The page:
Bontemps, Arna

Bontemps, Arna,

1902–73, African-American writer, b. Alexandria, La. He is best remembered as the author of the novel God Sends Sunday (1931), the basis of the play St. Louis Woman (1946); and of Black Thunder (1936), a tragic account of the slave insurrection led by Gabriel Prosser in Richmond, Va., in 1800. Bontemps was also an editor, anthologizer, and historian.
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Bontemps, Arna (Wendell)

(1902–73) writer, anthologist, librarian; born in Alexandria, La. Raised in California, he took his B.A. at Pacific Union College there. He first published his poetry in 1923 in Crisis, the magazine of the National Association for the Advancement of Colored People, edited by W. E. B. Du Bois. His Golgatha Is a Mountain (1925) won the Alexander Pushkin Award. He spent most of his career as the librarian and public relations director at Fisk University in Nashville, Tenn. He also was a guest lecturer at various universities. He wrote several novels, including God Sends Sunday (1931) and Black Thunder (1936); the former was dramatized by Countee Cullen as St. Louis Woman (1946) and then set to music as Blues Opera. He edited American Negro Poetry and published several anthologies with Langston Hughes. (Their extensive correspondence was published in 1980.) His Story of the Negro (1948) won the Jane Addams Children's Book Award in 1956. He also wrote several children's books with Jack Conroy, including Sam Patch (1951).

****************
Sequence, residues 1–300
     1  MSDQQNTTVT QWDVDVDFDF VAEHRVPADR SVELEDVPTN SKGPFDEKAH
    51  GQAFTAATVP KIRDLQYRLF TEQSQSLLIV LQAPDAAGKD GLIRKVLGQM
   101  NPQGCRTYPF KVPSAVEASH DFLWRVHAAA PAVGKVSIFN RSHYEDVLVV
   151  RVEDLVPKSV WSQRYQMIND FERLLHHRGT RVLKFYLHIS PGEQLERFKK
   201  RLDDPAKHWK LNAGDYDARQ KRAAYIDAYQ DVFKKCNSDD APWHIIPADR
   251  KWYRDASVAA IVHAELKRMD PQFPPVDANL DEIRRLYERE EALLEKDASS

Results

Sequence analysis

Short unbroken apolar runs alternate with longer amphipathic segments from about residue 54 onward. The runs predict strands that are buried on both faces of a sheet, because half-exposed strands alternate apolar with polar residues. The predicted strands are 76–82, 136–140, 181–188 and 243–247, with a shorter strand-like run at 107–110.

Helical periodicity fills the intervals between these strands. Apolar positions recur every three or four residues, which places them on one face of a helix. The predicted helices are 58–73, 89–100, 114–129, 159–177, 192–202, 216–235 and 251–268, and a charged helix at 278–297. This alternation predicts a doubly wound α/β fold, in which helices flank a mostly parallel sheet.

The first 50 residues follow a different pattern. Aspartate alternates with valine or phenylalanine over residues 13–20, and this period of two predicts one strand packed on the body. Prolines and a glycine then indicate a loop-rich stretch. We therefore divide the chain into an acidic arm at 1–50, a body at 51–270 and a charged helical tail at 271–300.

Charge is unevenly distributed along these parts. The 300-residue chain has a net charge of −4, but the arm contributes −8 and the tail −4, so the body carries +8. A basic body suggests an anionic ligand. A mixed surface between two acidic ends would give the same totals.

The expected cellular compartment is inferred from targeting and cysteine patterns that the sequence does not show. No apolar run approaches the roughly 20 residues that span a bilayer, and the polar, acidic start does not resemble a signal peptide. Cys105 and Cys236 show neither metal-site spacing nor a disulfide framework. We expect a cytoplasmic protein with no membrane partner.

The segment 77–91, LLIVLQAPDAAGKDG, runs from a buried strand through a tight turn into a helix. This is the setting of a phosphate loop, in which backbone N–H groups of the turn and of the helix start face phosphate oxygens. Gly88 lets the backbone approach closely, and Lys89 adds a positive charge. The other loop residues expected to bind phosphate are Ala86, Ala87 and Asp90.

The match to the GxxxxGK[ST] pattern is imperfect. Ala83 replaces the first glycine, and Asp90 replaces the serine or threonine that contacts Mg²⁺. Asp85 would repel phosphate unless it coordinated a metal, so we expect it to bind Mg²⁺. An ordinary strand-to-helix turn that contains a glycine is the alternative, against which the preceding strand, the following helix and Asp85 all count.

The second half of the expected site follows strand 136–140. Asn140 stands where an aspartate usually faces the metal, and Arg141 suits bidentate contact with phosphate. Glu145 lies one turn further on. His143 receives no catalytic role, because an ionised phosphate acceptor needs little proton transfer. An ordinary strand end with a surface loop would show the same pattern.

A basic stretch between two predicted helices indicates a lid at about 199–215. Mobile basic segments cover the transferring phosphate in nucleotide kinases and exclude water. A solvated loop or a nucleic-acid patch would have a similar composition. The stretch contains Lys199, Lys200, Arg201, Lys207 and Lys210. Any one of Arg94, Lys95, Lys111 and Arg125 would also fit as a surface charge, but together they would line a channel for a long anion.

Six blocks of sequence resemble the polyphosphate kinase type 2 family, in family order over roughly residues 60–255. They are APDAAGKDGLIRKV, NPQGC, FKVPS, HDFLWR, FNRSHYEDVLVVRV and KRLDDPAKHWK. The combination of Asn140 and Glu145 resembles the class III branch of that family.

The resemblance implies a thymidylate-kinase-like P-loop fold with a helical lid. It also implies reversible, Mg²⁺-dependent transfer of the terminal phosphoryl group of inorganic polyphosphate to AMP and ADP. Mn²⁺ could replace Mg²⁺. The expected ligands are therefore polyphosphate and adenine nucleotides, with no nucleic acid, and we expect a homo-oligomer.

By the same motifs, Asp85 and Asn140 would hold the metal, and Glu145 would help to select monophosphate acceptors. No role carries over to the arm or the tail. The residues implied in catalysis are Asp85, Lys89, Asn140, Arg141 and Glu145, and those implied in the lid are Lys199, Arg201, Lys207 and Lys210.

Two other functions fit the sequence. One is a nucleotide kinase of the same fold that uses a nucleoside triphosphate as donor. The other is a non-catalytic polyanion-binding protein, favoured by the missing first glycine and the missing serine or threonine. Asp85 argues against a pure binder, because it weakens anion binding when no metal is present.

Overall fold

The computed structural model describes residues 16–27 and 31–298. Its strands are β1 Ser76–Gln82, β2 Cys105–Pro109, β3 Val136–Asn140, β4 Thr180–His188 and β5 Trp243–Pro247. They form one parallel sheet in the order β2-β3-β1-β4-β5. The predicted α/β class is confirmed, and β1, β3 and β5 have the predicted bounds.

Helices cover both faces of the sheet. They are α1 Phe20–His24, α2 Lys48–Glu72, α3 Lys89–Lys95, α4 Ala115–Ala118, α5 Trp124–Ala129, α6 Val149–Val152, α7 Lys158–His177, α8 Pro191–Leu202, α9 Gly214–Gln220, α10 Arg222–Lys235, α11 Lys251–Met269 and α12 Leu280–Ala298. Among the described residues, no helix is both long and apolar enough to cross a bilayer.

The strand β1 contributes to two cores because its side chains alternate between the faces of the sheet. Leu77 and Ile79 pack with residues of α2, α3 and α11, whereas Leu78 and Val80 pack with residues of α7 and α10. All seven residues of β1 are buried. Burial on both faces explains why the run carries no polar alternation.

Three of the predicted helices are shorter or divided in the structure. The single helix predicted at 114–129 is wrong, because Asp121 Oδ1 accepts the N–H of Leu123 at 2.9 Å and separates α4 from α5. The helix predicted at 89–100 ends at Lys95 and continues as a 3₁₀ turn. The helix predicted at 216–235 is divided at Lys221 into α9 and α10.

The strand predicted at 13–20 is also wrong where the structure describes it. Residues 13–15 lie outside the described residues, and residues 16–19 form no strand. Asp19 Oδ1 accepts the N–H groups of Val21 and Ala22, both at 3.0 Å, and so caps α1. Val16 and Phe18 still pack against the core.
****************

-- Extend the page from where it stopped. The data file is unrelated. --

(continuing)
The Cambridge Dictionary of American Biography, by John S. Bowman. Copyright © Cambridge University Press 1995. Reproduced with permission.
References in periodicals archive ?
Bontemps, Arna. "The Relevance of Paul Laurence Dunbar." Martin, Singer 45-53.
Bontemps, Arna. "Special Collections of Negroana." Library Quarterly 14 (July 1944): 187-206.